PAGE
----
We see our list of reputed top schools represented really well on the list of schools that send the highest number of students to CPG companies, along with some other schools like Chicago Booth and NYU Stern. On our list of schools that send the highest percentage of students to CPG companies, our friends at Minnesota Carlson, Indiana Kelley, and Cornell Johnson likely have regional ties to CPG companies in the Midwest and New York that students benefit from.

Top Employers in Brand Management

So, how should you think about what companies to recruit for in brand management / CPG? Let’s explore a handful of broad tracks and types of companies you can consider:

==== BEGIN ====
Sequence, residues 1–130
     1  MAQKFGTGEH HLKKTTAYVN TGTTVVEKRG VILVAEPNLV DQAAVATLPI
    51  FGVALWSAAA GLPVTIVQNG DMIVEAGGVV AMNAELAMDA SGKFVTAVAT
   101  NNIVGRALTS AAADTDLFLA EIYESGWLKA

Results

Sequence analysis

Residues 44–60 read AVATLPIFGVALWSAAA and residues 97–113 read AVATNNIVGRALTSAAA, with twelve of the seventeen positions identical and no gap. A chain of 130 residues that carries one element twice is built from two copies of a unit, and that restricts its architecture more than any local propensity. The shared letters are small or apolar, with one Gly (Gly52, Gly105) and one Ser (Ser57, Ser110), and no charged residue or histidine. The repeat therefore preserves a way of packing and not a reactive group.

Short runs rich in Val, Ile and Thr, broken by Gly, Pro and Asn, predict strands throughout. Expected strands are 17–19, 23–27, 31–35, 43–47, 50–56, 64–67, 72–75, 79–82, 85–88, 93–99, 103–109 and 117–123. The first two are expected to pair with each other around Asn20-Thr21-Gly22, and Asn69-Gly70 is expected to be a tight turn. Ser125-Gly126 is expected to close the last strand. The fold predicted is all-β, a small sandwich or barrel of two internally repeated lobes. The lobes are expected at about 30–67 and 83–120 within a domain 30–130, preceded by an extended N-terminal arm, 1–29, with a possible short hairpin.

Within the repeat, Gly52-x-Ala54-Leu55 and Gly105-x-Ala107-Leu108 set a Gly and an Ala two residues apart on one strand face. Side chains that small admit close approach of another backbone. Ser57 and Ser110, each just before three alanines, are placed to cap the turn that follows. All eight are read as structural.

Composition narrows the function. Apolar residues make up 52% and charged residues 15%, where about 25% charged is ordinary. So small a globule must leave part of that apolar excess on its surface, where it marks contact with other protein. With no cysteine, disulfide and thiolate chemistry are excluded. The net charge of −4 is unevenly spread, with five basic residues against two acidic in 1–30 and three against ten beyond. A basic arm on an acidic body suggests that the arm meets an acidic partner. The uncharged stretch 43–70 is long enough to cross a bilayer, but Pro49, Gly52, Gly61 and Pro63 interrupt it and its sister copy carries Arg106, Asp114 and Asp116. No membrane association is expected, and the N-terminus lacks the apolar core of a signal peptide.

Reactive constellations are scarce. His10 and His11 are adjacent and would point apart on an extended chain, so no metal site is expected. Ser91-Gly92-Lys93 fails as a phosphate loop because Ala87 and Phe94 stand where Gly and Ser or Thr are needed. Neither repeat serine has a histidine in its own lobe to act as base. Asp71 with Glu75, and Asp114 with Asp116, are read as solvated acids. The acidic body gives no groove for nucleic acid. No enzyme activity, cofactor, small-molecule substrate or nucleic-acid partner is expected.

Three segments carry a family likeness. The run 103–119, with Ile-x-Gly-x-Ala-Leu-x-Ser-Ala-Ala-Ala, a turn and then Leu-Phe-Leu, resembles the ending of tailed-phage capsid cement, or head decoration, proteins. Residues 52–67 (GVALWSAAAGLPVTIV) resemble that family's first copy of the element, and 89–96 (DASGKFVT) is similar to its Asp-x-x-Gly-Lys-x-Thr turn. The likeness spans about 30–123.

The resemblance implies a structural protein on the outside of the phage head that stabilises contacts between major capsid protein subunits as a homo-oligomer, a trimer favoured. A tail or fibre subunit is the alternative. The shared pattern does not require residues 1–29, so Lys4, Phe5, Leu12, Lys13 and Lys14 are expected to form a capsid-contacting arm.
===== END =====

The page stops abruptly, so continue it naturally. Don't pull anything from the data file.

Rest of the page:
Brand manager as GM (CEO track). These companies train brand managers to act as the CEOs for their companies, and the focus is on a well-rounded GM skillset. Most CPG companies fall under this umbrella, and perception of their prestige is based on how big the company is, revenue-wise. The top tier of companies here are mainstays like Procter & Gamble, General Mills, Kraft Heinz, and Unilever. Other great, smaller companies include Nestlé, Colgate Palmolive, S.C. Johnson, Mars, Johnson & Johnson, L’Oréal, Kellogg, and Clorox.

Brand manager as marketer (CMO track). These companies put a lot of focus (and money) into advertising, and their brand managers pick up great brand strategy and creative / communications skills that serve them well in future marketing roles. Companies under this umbrella include PepsiCo, Coca-Cola, Anheuser-Busch InBev, and Diageo.